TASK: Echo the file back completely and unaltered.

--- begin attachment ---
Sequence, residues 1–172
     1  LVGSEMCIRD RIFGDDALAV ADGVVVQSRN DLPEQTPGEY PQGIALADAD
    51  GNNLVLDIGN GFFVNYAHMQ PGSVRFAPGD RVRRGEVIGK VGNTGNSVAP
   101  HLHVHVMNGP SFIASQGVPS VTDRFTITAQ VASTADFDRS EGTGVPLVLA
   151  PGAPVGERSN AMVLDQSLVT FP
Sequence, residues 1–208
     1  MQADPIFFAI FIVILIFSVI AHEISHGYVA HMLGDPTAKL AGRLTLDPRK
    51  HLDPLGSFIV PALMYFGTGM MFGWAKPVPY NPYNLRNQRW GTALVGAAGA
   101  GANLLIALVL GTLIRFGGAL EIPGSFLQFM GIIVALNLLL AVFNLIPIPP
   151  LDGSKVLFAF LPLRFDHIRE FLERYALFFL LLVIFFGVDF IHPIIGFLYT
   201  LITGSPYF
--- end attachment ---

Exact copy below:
Sequence, residues 1–172
     1  LVGSEMCIRD RIFGDDALAV ADGVVVQSRN DLPEQTPGEY PQGIALADAD
    51  GNNLVLDIGN GFFVNYAHMQ PGSVRFAPGD RVRRGEVIGK VGNTGNSVAP
   101  HLHVHVMNGP SFIASQGVPS VTDRFTITAQ VASTADFDRS EGTGVPLVLA
   151  PGAPVGERSN AMVLDQSLVT FP
Sequence, residues 1–208
     1  MQADPIFFAI FIVILIFSVI AHEISHGYVA HMLGDPTAKL AGRLTLDPRK
    51  HLDPLGSFIV PALMYFGTGM MFGWAKPVPY NPYNLRNQRW GTALVGAAGA
   101  GANLLIALVL GTLIRFGGAL EIPGSFLQFM GIIVALNLLL AVFNLIPIPP
   151  LDGSKVLFAF LPLRFDHIRE FLERYALFFL LLVIFFGVDF IHPIIGFLYT
   201  LITGSPYF